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From A Lucrative Career As A Pro Gamer To Content Creator: Interview With Jvonn Williams

After dominating the esports scene in Gears of War, Williams shares his thoughts on the industry and being a full-time content creator

Gaming used to be a simple hobby for many of us – and still is – but the advent of Esports turned what used to be an activity to pass the time into a full-on competitive sport among pro gamers from all over the world. 

Despite evolving into a multi-billion dollar industry with a market that’s estimated to be valued at nearly $12 billion in 2030, many teams are struggling to turn a profit. While some of the richest pro gamers compete in Dota 2, others earn big by dominating titles such as Gears of War and Apex Legends. 

We interviewed Jvonn Williams, a pro gamer who stands out as the sole black player in the world of Apex Legends esports. Williams achieved an impressive six-figure income during his Gears of War days. As he aims to make a shift into content creation, Williams spoke to us about his future ambitions, the challenges of being a pro gamer and his thoughts on the esports industry. 

What inspired you to start playing games and how did you get into competitive gaming?

Jvonn Williams: What inspired me to start playing games was playing with my older cousins and having a competitive nature from playing sports as well. Naturally, like most people and their cousins, they probably beat you at something multiple times. And you come back and it’s like, ‘I’m gonna stop losing to you someday!’ So you start grinding, whatever it is. That’s what sparked that kind of competitive nature in me. How that translated to Gears or just competitive gaming in general, I found that there’s a platform called GameBattles at the time, so I was able to sign up and compete in online tournaments for absolutely free. And everything happened from there. 

How has being a pro gamer impacted your life outside of gaming, how has it impacted your relationship with your family, career and education?

Competitive gaming takes a long time, so going into that splitting off with a career is actually possible but you might be hindering your teammates or you might be hindering other people like the organisation that you’re playing for and you’re not going to be playing at full capacity.

Some of my best friends that I have right now are because of gaming…

Jvonn Williams

But I will say in regards to relationships, imminence is an outlet for many people so it’s not too hard to keep all those relationships that you have. You could have them hop on the game with you and you still break away and have weekends. And actually, some of my best friends that I have right now are because of gaming, so it worked in my favour.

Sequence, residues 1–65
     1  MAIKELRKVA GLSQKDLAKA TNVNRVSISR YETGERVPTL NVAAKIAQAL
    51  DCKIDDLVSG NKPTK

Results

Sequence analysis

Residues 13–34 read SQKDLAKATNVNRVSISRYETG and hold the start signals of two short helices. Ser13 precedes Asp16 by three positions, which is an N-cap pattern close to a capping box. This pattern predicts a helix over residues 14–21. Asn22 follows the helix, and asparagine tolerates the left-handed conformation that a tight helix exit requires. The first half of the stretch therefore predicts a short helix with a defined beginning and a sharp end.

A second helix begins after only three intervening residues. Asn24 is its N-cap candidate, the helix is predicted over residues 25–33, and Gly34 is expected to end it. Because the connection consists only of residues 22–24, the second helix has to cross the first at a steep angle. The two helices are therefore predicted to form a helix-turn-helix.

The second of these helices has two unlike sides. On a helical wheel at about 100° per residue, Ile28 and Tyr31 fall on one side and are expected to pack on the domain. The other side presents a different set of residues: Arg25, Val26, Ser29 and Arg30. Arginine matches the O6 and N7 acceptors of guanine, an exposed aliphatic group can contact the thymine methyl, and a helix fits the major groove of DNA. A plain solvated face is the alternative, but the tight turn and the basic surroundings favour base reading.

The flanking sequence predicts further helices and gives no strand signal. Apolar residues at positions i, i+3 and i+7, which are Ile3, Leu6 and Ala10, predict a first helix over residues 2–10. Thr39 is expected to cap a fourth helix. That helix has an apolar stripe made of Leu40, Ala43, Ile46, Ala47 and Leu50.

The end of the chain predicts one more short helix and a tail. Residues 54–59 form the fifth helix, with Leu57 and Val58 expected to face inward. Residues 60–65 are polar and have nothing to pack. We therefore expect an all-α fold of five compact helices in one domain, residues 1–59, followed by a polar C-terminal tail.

How was your initial experience with the gaming community, did you find it to be welcoming and supportive? 

I didn’t know what type of world I jumped into. The first time I went to Mexico, I was probably like 17 at the time and I’m just signing autograph after autograph. People were lining up to talk to me and take pictures of me and my mom thought they were trying to attack me at first. But no, they just all love the game so much.

Would you say that the industry has changed over time when it comes to diversity and inclusion? And what do you think esports organisations and event organisers can do to make esports more inclusive?

For inclusion, I think there are a few issues when it comes to women who are competing with men. I don’t know why guys don’t like getting beat by girls. But as far as diversity, on Gears it depends what community you play in. So Gears of War was extremely diverse. In fact, in my entire first professional team, everybody was minorities. I had an all-black team, it was kind of dope. And then on to Apex, I’m the only black Pro, so it’s a huge change depending on what game you’re playing.

What were some of the things that made it difficult for you to succeed as the only black pro gamer in Apex? And how did you overcome these challenges?

The only thing I would say that made it a little difficult to me, was just noticing the culture change. The way I see has to be a little bit different, the things I relate to is a little bit different, but I haven’t really endured any type of racism or anything like that. It can be happening, but I don’t really pay mind to that. I just tried to keep it pushing and the best thing that that came with me was the fact that I had a lot of accolades already being the champion, already being an MVP, already succeeding and stuff like that. So it’s hard to overlook that. It becomes to a point where you are making a terrible decision if you’re overlooking it.